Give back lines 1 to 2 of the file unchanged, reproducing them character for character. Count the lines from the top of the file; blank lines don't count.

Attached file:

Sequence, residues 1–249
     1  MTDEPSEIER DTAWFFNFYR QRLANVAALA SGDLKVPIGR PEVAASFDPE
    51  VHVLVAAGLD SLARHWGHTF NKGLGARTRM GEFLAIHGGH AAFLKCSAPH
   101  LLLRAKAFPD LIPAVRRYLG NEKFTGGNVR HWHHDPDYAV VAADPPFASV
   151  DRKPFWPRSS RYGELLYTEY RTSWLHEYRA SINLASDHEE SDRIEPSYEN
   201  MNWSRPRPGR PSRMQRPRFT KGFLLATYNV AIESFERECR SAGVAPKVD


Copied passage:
Sequence, residues 1–249
     1  MTDEPSEIER DTAWFFNFYR QRLANVAALA SGDLKVPIGR PEVAASFDPE